In the last ten years, Bering Sea and Aleutian Islands trawl fisheries have killed and discarded 62.6 million pounds of halibut as bycatch. A significant percentage of these juvenile halibut, averaging a little less than five pounds, would have migrated over time to the east, populating the Gulf of Alaska, Southeastern Alaska, and eventually all the way to Northern California. So although the bycatch of halibut is occurring far away in the Bering Sea, its effect is being felt all over Alaska and the Pacific Northwest.

While studying Chinook salmon in the Bering Sea, researchers have found themselves in the wake of an unlikely killer.

Andrew Seitz is a researcher at the University of Alaska Fairbanks, who has spent the past several years studying Chinook salmon. He said the first sign of foul play came from satellite tags used in his research this winter. The tags gather behavior and migration data for the salmon, taking temperature and depth readings every two minutes — then relaying them to researchers by satellite later on.

There’s no doubt that the recent announcement of shutting down directed fishing for groundfish will have an effect on Alaska fisheries, particularly for cod, but U.S. fisheries officials told SeafoodSource that this doesn’t mean no one can fish for cod and flatfish.

The years 2002 through 2005 were bad for Bering Sea pollock. The biomass plunged during those years. In a presentation in Washington, D.C., a NOAA fisheries biologist said today ongoing research points to two suspects: ice and fat, in league with each other.

Alaska U.S. Rep. Don Young’s bill to reauthorize and amend the Magnuson-Stevens Act was marked up and favorably reported to the U.S. House of Representatives by the House Natural Resources Committee on April 30. The bill, titled the “Strengthening Fishing Communities and Increasing Flexibility in Fisheries Management Act,” cleared the committee with 21-14 vote.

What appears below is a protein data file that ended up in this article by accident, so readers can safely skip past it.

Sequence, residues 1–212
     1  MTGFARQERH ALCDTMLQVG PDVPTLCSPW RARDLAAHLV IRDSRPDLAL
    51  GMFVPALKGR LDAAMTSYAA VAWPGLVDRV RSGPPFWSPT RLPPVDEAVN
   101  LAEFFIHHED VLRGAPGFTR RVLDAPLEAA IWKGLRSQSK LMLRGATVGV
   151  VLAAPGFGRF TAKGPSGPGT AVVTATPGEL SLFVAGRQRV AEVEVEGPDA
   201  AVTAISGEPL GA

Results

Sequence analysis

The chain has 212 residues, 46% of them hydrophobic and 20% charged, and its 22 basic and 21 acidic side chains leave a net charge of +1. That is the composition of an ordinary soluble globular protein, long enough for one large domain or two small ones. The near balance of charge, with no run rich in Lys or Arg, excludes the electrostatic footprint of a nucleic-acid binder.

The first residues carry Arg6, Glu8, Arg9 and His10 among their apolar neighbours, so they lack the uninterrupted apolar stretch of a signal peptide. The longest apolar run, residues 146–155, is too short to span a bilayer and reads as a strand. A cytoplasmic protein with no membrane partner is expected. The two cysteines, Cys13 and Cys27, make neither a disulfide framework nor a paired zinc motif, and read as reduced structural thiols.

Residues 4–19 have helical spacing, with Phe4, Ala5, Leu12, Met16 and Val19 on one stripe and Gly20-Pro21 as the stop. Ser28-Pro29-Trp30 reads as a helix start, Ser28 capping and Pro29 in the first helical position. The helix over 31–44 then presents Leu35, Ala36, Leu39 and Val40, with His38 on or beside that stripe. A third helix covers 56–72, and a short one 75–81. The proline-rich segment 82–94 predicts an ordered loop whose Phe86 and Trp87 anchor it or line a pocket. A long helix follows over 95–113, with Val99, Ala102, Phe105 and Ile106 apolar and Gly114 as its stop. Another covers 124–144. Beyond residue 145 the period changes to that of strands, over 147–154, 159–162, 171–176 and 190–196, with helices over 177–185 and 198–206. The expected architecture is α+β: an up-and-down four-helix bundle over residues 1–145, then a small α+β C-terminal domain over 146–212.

Federal fisheries scientists will begin surveys of the Gulf of Alaska and the Eastern Bering Sea in mid-May, collecting data needed for fisheries managers to determine sustainable fishery harvest levels.

Doug DeMaster, science and research director for NOAA's Alaska Fisheries Science Center, said April 28 that this year's distinct surveys will be the biennial Gulf of Alaska continental shelf survey and the annual eastern Bering Sea continental shelf survey.

The Alaska Board of Fisheries system -- to paraphrase Winston Churchill -- is the worst way to regulate fisheries, except for all the others.

The North Pacific Fishery Management Council will hold its second meeting of 2015 from April 8-14 at the Anchorage Hilton.

The council's biggest agenda item will be final action on measures to reduce chinook and chum salmon bycatch in the Bering Sea pollock fishery. The alternatives, introduced for public review in December 2014, include both voluntary and regulatory controls to shorten seasons, provide incentives, and reduce bycatch caps.

Finding good employees for remote site work is always a challenge in rural Alaska, aggravating enough to make some managers move everything to Anchorage. But full-time year-round work remains the ideal, and one agency is giving it another shot.

A federal fisheries agency office is reopening in Unalaska as soon as three enforcement officers are hired and trained, according to Kevin Heck, acting deputy special agent in charge in Anchorage.

The North Pacific Fishery Management Council will hold its second meeting of 2015 from April 8-14 at the Anchorage Hilton.

The council’s biggest agenda item will be final action on measures to reduce chinook and chum salmon bycatch in the Bering Sea pollock fishery. The alternatives, introduced for public review in December 2014, include both voluntary and regulatory controls to shorten seasons, provide incentives, and reduce bycatch caps.